Should I be tested for coronavirus?

If you have cancer or have had it in the past you may wonder if you should be tested for coronavirus.

The test involves using a long cotton bud to take a swab of the inside of your nose and the back of your throat.

You can ask for a test only if you have symptoms of coronavirus. You need to have the test in the first 5 days of having the symptoms. It’s best to ask for a test in the first 3 days just in case it takes time to arrange. The test is only suitable for people over 5 years old. You can ask for a test for yourself or for someone who lives with you.

There is a very high demand for tests. People in hospital and essential workers such as NHS staff and social care staff are being prioritised for tests. You can apply for a test through the NHS website. There is more information about testing in:

England – information about who can be tested and testing if you are an essential worker

Scotland – information about who can be tested, where to get a test and how to arrange a test

Wales – information about testing in Wales and how to apply for a test

Northern Ireland – information about testing for members of the public and key workers.

If you have any questions about a test you’ve booked or are having difficulty booking a test, you can contact the customer contact centre from 7am to 11pm:

England and Wales – call 119 (free from mobiles and landlines)

Scotland and Northern Ireland – call 0300 303 2713 (charged at standard network rate)

I’m self-isolating at home and I need support. What help is there?

We know that self-isolating isn’t easy. There is support available.

We have put together some advice to help you cope with staying at home. This includes things like how to prepare for staying at home, staying in touch with family and friends, and the support available for getting essential things like food and prescriptions. Read our advice to help you cope with self-isolating.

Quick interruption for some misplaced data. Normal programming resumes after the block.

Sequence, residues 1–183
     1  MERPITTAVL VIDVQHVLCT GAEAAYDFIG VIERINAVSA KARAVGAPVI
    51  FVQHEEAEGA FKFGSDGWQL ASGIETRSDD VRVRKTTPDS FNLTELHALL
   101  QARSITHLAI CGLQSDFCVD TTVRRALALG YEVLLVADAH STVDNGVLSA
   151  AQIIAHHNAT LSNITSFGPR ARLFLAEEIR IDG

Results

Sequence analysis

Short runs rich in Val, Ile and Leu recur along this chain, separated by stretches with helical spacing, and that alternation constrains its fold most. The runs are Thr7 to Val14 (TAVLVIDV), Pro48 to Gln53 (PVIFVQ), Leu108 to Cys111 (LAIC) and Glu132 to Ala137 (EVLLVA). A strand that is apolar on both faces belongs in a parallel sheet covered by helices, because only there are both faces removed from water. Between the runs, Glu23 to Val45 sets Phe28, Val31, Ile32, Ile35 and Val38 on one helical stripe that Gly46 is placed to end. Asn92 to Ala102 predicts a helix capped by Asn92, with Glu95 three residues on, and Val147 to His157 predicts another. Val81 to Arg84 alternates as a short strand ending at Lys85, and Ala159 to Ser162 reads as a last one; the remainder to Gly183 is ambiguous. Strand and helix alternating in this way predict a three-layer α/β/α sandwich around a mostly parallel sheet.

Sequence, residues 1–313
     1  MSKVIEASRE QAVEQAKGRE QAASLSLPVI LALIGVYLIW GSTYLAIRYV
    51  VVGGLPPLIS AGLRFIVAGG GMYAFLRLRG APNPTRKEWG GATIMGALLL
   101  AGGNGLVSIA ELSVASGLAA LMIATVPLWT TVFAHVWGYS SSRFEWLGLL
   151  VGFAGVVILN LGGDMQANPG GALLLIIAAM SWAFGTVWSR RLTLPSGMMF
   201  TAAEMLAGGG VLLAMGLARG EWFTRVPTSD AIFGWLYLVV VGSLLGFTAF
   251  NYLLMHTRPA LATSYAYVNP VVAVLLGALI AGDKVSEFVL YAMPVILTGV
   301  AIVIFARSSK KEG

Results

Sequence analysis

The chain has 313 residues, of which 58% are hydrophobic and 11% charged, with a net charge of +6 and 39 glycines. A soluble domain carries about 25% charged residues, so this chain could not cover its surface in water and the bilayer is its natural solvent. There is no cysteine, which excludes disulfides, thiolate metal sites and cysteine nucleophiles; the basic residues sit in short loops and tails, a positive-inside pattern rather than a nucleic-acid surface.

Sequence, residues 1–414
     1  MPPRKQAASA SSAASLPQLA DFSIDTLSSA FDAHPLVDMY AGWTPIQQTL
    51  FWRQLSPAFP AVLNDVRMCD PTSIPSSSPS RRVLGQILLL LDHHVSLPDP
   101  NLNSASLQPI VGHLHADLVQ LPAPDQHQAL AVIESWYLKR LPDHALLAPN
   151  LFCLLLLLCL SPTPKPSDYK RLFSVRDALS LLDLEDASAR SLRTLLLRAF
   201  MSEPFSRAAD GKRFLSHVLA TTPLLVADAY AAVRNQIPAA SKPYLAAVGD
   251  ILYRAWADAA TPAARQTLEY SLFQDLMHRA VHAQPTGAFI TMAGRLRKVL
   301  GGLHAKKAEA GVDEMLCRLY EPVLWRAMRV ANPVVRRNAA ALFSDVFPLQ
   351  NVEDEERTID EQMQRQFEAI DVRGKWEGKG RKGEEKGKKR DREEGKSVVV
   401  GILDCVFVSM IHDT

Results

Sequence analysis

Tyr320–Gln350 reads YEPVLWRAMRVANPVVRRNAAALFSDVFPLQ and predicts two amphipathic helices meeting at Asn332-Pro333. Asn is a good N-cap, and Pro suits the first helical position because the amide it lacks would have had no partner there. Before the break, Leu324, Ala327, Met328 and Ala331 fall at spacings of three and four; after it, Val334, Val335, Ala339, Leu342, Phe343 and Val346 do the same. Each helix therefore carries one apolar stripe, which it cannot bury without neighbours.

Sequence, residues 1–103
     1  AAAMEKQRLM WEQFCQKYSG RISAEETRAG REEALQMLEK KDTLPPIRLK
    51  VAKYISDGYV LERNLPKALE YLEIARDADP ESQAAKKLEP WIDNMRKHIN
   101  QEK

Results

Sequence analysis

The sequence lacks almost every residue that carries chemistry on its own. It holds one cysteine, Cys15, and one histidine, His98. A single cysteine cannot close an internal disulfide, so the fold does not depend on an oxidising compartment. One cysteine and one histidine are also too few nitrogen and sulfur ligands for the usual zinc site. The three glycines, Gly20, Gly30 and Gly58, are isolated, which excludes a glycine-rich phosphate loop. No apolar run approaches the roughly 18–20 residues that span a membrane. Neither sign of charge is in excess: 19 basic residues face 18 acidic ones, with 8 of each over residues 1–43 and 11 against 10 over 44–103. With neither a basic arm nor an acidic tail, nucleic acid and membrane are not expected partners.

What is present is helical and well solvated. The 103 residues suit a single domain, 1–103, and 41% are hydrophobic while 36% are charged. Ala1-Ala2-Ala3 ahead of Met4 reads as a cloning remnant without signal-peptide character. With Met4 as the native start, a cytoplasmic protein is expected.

It’s important to look after your physical and mental well-being. We know this isn’t easy to do when you have to stay at home. Here is some advice to help you stay active and eat well while at home.

Financial support and coronavirus

We know this is a worrying time for you and your family members, emotionally and financially.

We have information about financial support and coronavirus that might help you.

How we are supporting people with cancer

Coronavirus is having a huge impact on people living with cancer. From introducing new support services, delivered over the phone or online, to our nurses being redeployed to the areas of greatest need within the NHS, we are doing all we can to meet the growing demand on our services.

  • To keep everyone safe, we have stopped all our face-to-face volunteering. But if you need someone to talk to, you can sign up for our new Telephone Buddies service.
  • We can't run our Mobile Information and Support buses at the moment, so we've created a virtual version. You can now email our Mobile Information and Support staff. They can provide information about local services and support.
  • You can now make a virtual appointment with our No7 Boots Macmillan Beauty Advisors. They can give make-up and skincare advice to help you manage visible side effects of cancer treatment.
  • To help you stay fit and healthy during the coronavirus crisis, we've launched SafeFit. This is a free remote service that connects you with a cancer exercise specialist.

How you can help

Cancer nurses need urgent support

We need to be there for people living with cancer. But we can't do it alone. Your support has never mattered more. Find out more about how we're supporting people during the coronavirus outbreak, and how you can help us be there.

Read more about how we are supporting people with cancer

How we can help

Macmillan Cancer Support Line
The Macmillan Support Line offers confidential support to people living with cancer and their loved ones. If you need to talk, we'll listen.
0808 808 00 00
7 days a week, 8am - 8pm
Email us
Get in touch via this form
Chat online
7 days a week, 8am - 8pm
Online Community
An anonymous network of people affected by cancer which is free to join. Share experiences, ask questions and talk to people who understand.
Help in your area
What's going on near you? Find out about support groups, where to get information and how to get involved with Macmillan where you live.